Ontario Superior Court Declines to Enforce “Harsh and Oppressive” Forfeiture Provision for Dismissed Employee’s Unvested Stock Awards

Auteur : Mark Firman

Traduction en cours.

The Ontario Superior Court has released its decision in Battiston v Microsoft Canada Inc. (Battiston), which involved the without-cause termination of a long-serving employee. Among other issues raised in the litigation was the status of Mr. Battiston’s unvested stock awards that had been granted to him as an employee under annual stock award agreements. As is typical for equity-based incentive plans and awards, the stock award agreements provided that unvested awards would be cancelled and of no further effect on termination of employment. However, in a surprising turn, the Ontario Superior Court declined to enforce the forfeiture provision on the basis that, because it was “harsh and oppressive,” it had not been sufficiently brought to the employee’s attention during the course of his employment.

Forfeiture provisions in equity-based incentive plans and awards are routine, and a commonly held view is that, given the nature of such plans as “long-term incentive” arrangements, a participant ought not to reap the benefit of continued vesting following the termination of his or her employment. Simply put, there would no longer be any employment services to incent or reward. Nevertheless, Battiston, if not successfully appealed, now provides Ontario employers with a new caution.

The Facts

Mr. Battiston joined Microsoft Canada in December 1995 as a senior consultant. Over the years, he was promoted several times. After nearly 23 years, he was terminated for performance reasons (but without cause) in August 2018 – a termination, in Mr. Battiston’s view, that came as a surprise to him.

In addition to his base salary, every year Mr. Battiston received benefits, including merit increases, a cash bonus and, crucial to the case, stock awards under Microsoft’s Rewards Policy – bonuses and stock awards that formed a significant portion of Mr. Battiston’s total compensation. The stock awards were evidenced by a stock award agreement and vested over time. It is possible that the stock awards were styled as “restricted share units” or “RSUs,” as they are under similar plans maintained by other employers, although those terms were not used in the decision.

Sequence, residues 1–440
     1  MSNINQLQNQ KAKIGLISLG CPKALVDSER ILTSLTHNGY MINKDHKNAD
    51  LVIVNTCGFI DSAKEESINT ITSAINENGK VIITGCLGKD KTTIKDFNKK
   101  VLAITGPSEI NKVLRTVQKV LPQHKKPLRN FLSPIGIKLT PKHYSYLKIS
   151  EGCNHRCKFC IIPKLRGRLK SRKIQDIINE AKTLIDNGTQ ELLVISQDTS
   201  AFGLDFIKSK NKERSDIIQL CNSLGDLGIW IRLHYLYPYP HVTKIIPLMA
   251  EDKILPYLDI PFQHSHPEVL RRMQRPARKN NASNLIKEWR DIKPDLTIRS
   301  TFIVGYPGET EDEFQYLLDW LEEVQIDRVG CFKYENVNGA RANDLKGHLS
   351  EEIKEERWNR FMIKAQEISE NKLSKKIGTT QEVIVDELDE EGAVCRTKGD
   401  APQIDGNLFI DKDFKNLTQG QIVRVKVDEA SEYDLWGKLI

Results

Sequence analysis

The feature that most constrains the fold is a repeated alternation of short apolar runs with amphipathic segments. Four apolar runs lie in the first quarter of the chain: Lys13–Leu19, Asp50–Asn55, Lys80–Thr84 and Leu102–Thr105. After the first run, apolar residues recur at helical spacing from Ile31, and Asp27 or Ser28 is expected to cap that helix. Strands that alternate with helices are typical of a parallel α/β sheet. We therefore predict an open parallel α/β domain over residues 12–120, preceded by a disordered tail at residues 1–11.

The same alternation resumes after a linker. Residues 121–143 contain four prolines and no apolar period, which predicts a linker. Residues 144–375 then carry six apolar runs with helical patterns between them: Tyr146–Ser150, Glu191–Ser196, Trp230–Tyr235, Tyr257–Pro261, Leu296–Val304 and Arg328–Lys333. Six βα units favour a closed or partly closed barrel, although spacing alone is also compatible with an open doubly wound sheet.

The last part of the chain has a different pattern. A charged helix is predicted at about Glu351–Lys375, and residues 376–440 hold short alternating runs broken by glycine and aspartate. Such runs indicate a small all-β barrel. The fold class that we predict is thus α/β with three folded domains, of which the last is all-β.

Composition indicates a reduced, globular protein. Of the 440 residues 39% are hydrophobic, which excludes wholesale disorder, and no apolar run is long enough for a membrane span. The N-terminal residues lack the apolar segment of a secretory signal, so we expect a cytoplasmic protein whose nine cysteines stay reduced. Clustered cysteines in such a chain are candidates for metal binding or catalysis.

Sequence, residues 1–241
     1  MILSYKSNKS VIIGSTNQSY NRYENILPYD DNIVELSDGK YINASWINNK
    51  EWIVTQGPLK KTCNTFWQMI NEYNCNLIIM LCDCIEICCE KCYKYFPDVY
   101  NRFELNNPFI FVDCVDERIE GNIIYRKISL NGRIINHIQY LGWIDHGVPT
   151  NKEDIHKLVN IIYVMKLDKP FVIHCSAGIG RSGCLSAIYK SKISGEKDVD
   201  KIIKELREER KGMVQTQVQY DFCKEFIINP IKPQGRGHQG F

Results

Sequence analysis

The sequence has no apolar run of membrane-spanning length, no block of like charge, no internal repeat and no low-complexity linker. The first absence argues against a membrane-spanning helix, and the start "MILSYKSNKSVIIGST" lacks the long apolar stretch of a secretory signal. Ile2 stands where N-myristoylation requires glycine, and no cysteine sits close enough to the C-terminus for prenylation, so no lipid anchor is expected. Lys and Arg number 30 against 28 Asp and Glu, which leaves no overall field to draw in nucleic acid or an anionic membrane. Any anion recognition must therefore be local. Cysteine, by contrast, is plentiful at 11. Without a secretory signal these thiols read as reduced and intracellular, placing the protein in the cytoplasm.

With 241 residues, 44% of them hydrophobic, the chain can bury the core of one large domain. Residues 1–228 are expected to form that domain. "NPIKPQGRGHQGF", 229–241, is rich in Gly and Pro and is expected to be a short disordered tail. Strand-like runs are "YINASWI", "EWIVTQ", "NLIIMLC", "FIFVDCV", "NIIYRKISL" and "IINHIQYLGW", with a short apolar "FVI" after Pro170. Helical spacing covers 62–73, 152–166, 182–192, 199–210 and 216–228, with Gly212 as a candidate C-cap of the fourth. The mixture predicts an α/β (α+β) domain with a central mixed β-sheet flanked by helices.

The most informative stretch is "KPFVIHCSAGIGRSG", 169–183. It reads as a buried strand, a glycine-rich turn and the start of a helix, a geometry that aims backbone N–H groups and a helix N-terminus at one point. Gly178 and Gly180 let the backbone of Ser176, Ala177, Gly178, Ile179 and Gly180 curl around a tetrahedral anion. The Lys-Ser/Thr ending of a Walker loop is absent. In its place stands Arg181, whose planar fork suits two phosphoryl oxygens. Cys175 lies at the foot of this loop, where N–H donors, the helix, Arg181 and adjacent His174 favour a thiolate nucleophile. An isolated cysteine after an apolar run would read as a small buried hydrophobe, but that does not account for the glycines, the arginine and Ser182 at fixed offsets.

One key provision of each stock award agreement was to stipulate that, subject to certain exceptions not relevant to the case, unvested awards would be forfeited on termination of employment. Upon each annual stock grant, Mr. Battiston was provided with a copy of the stock award agreement and required to sign an acknowledgment that he had read and understood its terms. Mr. Battiston later testified that he simply signed the acknowledgment without reading the accompanying agreement each year because it was too long. At the time of his termination, he had unvested stock awards representing 1,057 Microsoft shares.

Upon termination, Mr. Battiston was advised that he would receive no merit increases and no cash bonus for the 2018 fiscal year and further that, under the stock award agreements, he was no longer entitled to any unvested stock awards.

Decision of the Court Relating to Stock Awards

Despite the clear provisions in the stock award agreements to the contrary, Mr. Battiston claimed he was under the impression that he would be eligible to cash out his unvested stock awards at termination. As noted above, this would be an unusual result under an equity-based incentive plan because such plans typically serve as long-term retention tools that tie the employee’s long-term compensation to share value. Following a termination of employment, there is no longer any employment relationship to retain, nor are there any further services provided by the employee that could contribute to share value.